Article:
First Magic From Apple Records

It was a cool Sunday August night in the summer of 1968, the last night of camp. I was in my bunk at Camp Zakelo in Harrison, Maine, trying to listen to WABC out of New York. The reception faded in and out, but this evening there was magic in the air. The disc jockey introduced a new song by the Beatles called Hey Jude. At first, it was only Paul’s voice and piano, but then the others joined in. After a few minutes, when I was certain the song was about to end, I heard a glorious sing-along that stretched out for several minutes. And when it was over, I couldn’t get that “Na, na na na na na na, na na na na, Hey Jude” out of my head.

On the plane ride back to New Orleans, that ending hook kept playing over and over in my mind. The next morning I had my mother drive me to the neighborhood record store, Studio A. I quickly went to the Beatles album section, looking for the group’s new album containing Hey Jude, but there were only albums I already owned. I asked the store’s owner, Bill, if he had the new Beatles album. Bill told me there was no new album, but that a single would be released in a few days. That surprised me because the song I had heard on the radio was too long to be a single. It had to be seven or eight minutes long. But Bill insisted that the next Beatles record was a 45 containing two songs: Hey Jude and Revolution. I called the store every day until the record arrived. That Friday, my mother rushed me there so I could buy the group’s incredible new single.

Even before I got home I was impressed. The record came in a classy-looking black sleeve with a simple message — “The Beatles on Apple.” And the labels were different, too. A bright green apple on one side and a white sliced apple on the other. And yes, I was right about the length of the song. The label listed the running time for Hey Jude at 7:11. Upon reaching home, I raced to my room and played the record over and over again. Of course, Hey Jude was fabulous, but so was the flip side, the powerful rocker Revolution. Both songs not only had great music, but also had lyrics I could relate to. At the time I didn’t know anything about Apple, but I knew the label had given me my money’s worth. For less than a dollar I had purchased what had to be ten to eleven minutes of the greatest music ever recorded.

The single, which was officially released in the U.S. on August 26, 1968, quickly shot to the top of the Billboard Hot 100, where it remained for nine straight weeks. It sold nearly three million copies within its first two months of release. U.S. sales would later surpass the five million mark. In England, the single also held down the top spot on all of the British charts, but not for as long a period, being dislodged by another Apple single, Those Were The Days by Mary Hopkin. By year’s end, Hey Jude had sold over 800,000 copies in the U.K.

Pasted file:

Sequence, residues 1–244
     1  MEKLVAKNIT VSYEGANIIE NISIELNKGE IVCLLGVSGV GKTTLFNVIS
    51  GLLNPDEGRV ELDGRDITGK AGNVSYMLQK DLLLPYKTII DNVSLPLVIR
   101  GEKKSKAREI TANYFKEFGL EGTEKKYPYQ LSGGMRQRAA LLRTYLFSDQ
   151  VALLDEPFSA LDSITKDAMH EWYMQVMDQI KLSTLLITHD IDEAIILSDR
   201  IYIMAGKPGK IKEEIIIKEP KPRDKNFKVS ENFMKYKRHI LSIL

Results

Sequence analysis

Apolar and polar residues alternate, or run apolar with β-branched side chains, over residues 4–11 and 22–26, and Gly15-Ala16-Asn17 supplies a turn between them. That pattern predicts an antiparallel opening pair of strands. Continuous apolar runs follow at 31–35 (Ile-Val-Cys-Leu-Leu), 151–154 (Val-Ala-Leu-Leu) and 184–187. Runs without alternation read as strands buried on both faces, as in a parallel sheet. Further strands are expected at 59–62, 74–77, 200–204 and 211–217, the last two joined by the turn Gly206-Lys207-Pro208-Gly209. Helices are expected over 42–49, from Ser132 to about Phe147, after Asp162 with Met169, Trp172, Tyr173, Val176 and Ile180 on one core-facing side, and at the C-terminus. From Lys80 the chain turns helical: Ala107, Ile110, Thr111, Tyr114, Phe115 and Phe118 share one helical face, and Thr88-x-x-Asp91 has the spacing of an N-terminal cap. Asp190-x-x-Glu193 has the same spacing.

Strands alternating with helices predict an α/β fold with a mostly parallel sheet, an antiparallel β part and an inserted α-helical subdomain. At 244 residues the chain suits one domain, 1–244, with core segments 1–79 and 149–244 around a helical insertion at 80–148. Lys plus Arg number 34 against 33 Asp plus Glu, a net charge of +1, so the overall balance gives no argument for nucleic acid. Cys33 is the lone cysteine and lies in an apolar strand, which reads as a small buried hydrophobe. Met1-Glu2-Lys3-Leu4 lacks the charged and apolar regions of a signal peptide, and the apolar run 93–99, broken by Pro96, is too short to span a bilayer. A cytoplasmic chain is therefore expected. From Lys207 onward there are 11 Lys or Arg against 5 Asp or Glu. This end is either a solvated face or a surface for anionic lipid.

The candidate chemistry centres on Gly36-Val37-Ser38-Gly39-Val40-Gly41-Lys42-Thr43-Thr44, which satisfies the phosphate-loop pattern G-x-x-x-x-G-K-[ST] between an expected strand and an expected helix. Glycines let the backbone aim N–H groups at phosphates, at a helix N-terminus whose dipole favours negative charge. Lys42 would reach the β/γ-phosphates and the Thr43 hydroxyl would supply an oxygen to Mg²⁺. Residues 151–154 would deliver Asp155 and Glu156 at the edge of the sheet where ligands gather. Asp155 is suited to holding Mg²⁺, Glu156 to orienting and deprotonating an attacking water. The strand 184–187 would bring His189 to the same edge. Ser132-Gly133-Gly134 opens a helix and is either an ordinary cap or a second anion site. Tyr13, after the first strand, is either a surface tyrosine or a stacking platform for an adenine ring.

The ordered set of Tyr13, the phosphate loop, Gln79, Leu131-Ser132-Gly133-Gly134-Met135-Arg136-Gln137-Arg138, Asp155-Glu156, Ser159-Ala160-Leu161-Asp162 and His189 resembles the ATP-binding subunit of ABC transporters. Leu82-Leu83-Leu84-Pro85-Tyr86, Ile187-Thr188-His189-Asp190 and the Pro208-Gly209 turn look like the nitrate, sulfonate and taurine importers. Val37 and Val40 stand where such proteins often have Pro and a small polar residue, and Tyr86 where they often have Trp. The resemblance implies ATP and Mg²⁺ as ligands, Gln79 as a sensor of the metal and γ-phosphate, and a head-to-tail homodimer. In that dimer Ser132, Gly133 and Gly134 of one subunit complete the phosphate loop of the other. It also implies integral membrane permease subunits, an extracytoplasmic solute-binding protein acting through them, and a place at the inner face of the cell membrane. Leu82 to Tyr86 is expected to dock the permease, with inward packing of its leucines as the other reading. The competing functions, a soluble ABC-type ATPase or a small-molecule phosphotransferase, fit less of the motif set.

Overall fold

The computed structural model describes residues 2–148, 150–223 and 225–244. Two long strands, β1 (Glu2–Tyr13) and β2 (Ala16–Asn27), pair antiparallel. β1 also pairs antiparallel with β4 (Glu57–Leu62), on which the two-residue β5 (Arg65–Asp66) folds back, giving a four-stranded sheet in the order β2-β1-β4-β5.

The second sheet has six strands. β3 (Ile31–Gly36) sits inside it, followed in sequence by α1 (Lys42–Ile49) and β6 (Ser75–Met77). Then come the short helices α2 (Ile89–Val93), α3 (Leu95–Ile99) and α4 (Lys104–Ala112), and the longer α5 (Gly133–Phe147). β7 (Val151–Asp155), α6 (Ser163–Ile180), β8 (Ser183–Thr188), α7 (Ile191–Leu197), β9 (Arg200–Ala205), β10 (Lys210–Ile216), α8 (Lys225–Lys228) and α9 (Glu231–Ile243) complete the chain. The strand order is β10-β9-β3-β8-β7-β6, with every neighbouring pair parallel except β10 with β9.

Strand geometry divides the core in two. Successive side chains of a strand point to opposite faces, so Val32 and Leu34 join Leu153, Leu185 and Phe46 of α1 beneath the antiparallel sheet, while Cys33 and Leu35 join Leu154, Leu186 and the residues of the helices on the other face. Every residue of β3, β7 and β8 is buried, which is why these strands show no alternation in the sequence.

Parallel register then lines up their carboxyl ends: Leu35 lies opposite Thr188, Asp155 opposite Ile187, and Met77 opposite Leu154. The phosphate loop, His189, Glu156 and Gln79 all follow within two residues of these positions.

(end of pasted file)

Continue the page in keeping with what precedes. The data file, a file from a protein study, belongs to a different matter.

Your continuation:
I will never forget the magic I felt when I removed my copy of Hey Jude from its black “The Beatles on Apple” sleeve for the first time. I still remember placing the needle on the spinning black disc and hearing Paul’s voice come out of the tiny speaker to my record player, which was built into a curved carrying case covered with red and black plaid cloth. My childhood record player was thrown out in the early seventies, but my original copy of the single remains and is pictured below. And I still can’t get that “Na, na na na na na na, na na na na, Hey Jude” out of my head.


Hey Jude trivia

  1. At what studio was Hey Jude recorded?
  2. Where was the promotional video for Hey Jude shot?
  3. Who directed the promotional video for Hey Jude?
  4. On what television shows was the Hey Jude video first broadcast in the U.K. and in America?

  1. Although Hey Jude was rehearsed at Abbey Road, the song was recorded at Trident Studios.
  2. The promotional video for Hey Jude was shot at Twickenham Film Studios on September 4, 1968.
  3. The promotional video for Hey Jude was directed by Michael Lindsey-Hogg, who had previously put together the promotional clips for Paperback Writer and Rain and would later serve as film director for the Get Back/Let It Be project.
  4. The promotional video for Hey Jude was first broadcast in the U.K. on the September 8, 1968, Frost On Sunday, hosted by David Frost. The first American broadcast was on The Smothers Brothers Comedy Hour on October 6, 1968.


The above painting by Eric Cash (copyright 2008) captures the excitement of the Beatles performing Hey Jude before an audience at Twickenham Film Studios on September 4, 1968.

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